British police pay $867,697 to woman who had child with undercover agent

New Scotland Yard, the headquarters of the Metropolitan Police, in central London. British police are to pay £425,000 (S$867,697) compensation to a woman who had a child with a man she did not know was an undercover agent, reports said. -- PHOTO: AF
New Scotland Yard, the headquarters of the Metropolitan Police, in central London. British police are to pay £425,000 (S$867,697) compensation to a woman who had a child with a man she did not know was an undercover agent, reports said. -- PHOTO: AFP

LONDON (AFP) - British police are to pay compensation to a woman who had a child with a man she did not know was an undercover agent, the Guardian and BBC reported on Thursday.

The £425,000 (S$867,697) payment follows a legal battle by several women who say they were tricked into having relationships with officers sent to spy on political activists.

Known only as Jacqui, the woman said she had received psychiatric treatment since discovering the true identity of her child's father in a newspaper in 2012.

"He presented himself as Bob Robinson, a long-haired leftwing radical," Jacqui told the Guardian. "In reality he was a member of a secret police unit, the special demonstration squad, and was embarking on a five-year mission to infiltrate environmental and animal rights groups."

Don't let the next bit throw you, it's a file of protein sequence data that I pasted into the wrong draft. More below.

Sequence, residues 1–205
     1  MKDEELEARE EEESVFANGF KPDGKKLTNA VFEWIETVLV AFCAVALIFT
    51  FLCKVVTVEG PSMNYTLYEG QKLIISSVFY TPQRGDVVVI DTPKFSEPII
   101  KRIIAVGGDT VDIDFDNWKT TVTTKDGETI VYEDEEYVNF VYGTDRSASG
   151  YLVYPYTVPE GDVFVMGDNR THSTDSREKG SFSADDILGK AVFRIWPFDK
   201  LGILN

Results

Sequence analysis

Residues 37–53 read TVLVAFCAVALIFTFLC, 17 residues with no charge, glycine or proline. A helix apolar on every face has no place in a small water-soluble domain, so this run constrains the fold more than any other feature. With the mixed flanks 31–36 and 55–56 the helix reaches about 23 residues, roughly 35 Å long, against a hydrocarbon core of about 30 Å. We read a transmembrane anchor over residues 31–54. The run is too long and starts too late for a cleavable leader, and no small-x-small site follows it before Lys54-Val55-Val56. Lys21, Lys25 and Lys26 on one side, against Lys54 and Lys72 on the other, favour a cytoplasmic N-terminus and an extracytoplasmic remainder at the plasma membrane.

The man disappeared from her life when the child was two years old, going back to his original wife, children and identity.

Now an academic, he was one of several officers who had undercover roles as part of the now-defunct special demonstration squad between 1968 and 2008. He was confronted in 2012 at a conference by members of London Greenpeace, who said he had infiltrated their group in the 1980s as it campaigned on nuclear and environment issues.

Police later acknowledged that he had been an undercover officer. A Scotland Yard spokesman said the force "unreservedly apologises for any pain and suffering that the relationship" caused.

However, it added that it "never had a policy that officers can use sexual relations for the purposes of policing".

In August, four former officers in the squad were told they would not face criminal charges for forming sexual relationships with women while undercover.

Several other legal claims relating to undercover officers are ongoing.